41 Pages Posted: 15 Mar 2010 Last revised: 14 Dec 2012
Date Written: December 12, 2012
This paper compares firm stock returns associated with acquired and organic (non-acquired) asset growth. Using a large sample of U.S. firms, we show that the poor post-deal returns that have been associated with acquisitions are not unique but similar to the returns of other firms that grow organically at the same rate. This observation calls into question a large existing literature by asserting that the distinguishing characteristic associated with acquiring firms is simply their tendency to expand their balance sheet. Tests using analyst forecast errors and operating returns provide similar patterns. By proposing that investors systematically and symmetrically overcapitalize acquired and organic growth, the findings reframe our understanding of both the merger and asset growth literature.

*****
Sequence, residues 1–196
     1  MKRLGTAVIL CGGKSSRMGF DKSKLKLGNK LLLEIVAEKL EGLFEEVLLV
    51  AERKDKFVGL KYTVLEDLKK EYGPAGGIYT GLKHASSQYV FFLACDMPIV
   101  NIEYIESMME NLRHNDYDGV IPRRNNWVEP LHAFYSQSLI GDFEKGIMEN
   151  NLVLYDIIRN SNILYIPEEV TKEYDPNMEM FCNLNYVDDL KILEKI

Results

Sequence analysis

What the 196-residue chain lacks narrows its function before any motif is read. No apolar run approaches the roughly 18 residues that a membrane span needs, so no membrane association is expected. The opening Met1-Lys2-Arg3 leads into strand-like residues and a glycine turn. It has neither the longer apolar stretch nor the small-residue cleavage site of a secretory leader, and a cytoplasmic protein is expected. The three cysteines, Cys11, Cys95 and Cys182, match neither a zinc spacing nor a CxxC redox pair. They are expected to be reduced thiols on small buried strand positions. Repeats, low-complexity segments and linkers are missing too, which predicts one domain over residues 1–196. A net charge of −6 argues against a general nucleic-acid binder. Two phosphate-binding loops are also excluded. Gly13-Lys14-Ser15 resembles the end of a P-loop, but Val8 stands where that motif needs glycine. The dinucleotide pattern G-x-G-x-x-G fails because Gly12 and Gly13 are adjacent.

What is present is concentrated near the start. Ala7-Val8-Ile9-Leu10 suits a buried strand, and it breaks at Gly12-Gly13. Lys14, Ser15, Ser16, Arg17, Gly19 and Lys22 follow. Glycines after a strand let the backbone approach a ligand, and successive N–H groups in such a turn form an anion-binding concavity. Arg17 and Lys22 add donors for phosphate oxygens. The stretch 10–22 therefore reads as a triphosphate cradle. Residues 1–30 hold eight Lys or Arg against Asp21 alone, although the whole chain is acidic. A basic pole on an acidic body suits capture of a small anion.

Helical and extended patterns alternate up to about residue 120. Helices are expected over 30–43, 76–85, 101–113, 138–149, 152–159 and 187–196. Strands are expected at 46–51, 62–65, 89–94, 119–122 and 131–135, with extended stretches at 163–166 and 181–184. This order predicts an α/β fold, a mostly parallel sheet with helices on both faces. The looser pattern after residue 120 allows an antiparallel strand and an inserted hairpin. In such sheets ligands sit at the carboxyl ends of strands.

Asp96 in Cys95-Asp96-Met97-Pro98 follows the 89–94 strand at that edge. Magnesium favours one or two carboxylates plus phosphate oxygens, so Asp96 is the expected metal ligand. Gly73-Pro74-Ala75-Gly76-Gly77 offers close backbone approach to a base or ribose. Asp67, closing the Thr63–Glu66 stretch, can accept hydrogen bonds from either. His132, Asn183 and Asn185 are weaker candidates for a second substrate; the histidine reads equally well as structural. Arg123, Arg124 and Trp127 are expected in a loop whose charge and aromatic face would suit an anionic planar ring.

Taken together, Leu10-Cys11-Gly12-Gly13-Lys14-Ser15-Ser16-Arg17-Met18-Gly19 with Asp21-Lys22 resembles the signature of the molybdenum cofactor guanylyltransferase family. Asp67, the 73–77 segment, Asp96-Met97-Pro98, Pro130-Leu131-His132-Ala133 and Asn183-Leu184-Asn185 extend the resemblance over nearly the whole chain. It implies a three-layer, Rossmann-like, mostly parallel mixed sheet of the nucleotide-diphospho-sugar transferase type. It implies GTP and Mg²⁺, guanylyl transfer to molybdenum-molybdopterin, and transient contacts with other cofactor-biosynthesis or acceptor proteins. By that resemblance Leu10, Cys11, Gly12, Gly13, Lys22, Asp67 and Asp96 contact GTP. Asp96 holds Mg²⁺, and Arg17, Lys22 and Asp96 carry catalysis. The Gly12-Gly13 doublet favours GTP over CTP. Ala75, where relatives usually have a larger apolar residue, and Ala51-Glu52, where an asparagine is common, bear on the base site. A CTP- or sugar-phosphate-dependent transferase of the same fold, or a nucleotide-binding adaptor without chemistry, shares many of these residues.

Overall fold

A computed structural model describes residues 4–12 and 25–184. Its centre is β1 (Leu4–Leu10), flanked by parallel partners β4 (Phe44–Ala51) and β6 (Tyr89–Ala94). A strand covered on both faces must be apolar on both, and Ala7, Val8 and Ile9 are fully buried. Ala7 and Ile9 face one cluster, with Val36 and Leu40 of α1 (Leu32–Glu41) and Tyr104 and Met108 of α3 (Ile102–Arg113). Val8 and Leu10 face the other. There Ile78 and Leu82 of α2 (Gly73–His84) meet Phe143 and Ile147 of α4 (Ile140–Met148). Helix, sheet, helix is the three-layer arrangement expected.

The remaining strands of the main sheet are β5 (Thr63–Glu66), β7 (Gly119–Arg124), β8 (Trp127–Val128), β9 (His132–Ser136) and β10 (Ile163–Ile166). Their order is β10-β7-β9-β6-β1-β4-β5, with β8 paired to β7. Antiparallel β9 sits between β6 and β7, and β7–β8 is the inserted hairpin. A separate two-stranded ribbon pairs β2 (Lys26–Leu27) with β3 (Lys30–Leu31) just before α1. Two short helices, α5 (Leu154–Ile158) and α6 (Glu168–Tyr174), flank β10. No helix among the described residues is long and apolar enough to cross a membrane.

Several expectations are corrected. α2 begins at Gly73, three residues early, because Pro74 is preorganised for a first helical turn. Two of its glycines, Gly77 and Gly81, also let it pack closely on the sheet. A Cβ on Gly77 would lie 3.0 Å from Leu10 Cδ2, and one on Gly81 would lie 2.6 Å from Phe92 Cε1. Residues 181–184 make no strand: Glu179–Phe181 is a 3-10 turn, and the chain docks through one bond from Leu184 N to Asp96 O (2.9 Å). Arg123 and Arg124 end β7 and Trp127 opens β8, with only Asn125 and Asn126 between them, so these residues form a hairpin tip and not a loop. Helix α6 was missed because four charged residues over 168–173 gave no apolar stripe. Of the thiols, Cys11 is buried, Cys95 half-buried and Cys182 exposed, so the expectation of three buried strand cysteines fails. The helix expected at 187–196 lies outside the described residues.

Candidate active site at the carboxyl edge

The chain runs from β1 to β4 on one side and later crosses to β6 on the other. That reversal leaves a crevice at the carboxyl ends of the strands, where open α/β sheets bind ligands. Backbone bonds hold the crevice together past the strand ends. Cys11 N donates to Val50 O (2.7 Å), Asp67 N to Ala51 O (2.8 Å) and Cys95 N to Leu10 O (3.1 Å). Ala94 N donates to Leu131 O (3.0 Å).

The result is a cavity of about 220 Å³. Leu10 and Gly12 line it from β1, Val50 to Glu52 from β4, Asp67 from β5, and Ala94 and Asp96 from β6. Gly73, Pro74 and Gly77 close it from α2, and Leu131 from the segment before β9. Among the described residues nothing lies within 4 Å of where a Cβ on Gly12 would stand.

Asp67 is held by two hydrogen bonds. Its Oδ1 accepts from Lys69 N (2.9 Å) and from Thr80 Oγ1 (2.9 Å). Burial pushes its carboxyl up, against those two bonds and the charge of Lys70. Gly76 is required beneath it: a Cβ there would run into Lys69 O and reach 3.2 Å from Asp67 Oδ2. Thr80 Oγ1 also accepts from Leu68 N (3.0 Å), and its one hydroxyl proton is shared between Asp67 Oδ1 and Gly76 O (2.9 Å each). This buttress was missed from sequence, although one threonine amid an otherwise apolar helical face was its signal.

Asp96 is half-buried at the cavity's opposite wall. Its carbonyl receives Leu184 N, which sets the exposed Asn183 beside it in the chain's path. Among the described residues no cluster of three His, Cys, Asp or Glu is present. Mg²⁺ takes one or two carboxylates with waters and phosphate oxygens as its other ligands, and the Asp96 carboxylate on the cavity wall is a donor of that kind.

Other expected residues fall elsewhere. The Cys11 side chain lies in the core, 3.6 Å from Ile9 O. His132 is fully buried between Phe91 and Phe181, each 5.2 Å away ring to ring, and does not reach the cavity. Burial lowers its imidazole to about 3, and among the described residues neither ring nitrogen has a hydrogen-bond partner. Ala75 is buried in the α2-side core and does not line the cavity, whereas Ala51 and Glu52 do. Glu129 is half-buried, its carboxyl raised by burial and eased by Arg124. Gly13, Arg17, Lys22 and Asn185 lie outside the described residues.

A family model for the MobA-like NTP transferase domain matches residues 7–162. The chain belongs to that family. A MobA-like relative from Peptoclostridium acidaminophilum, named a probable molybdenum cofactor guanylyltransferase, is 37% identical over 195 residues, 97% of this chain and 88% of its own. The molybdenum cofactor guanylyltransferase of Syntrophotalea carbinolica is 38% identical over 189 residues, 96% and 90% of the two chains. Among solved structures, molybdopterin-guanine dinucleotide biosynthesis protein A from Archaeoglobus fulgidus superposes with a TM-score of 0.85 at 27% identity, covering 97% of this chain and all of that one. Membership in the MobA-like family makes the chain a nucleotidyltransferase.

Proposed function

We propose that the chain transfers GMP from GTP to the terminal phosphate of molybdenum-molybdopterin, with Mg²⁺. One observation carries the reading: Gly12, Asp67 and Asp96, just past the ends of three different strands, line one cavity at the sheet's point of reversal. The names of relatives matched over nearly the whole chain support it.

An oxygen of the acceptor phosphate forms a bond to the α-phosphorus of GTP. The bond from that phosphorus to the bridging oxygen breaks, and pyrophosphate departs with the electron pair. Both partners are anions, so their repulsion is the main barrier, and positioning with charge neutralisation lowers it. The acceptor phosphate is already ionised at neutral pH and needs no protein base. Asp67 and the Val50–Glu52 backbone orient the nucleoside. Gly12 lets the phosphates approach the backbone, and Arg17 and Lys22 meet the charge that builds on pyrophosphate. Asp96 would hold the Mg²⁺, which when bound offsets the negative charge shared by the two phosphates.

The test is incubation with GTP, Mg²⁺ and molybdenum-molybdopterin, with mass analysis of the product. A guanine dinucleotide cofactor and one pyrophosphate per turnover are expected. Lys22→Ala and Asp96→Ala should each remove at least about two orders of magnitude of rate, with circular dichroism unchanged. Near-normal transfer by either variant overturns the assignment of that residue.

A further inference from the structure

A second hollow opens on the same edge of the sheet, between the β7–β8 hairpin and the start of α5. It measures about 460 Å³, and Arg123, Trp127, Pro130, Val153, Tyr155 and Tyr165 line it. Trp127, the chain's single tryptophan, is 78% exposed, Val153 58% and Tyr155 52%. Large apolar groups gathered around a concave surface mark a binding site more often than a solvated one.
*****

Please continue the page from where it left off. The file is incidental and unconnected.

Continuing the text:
Keywords: takeover returns, asset growth, long-run returns
JEL Classification: G14, G34
Suggested Citation: Suggested Citation
Mortal, Sandra and Schill, Michael J., Are Acquisitions Unique? Evidence of the Pedestrian Nature of Post-Merger Returns (December 12, 2012). Available at SSRN: https://ssrn.com/abstract=1571644 or http://dx.doi.org/10.2139/ssrn.1571644
By Lu Zhang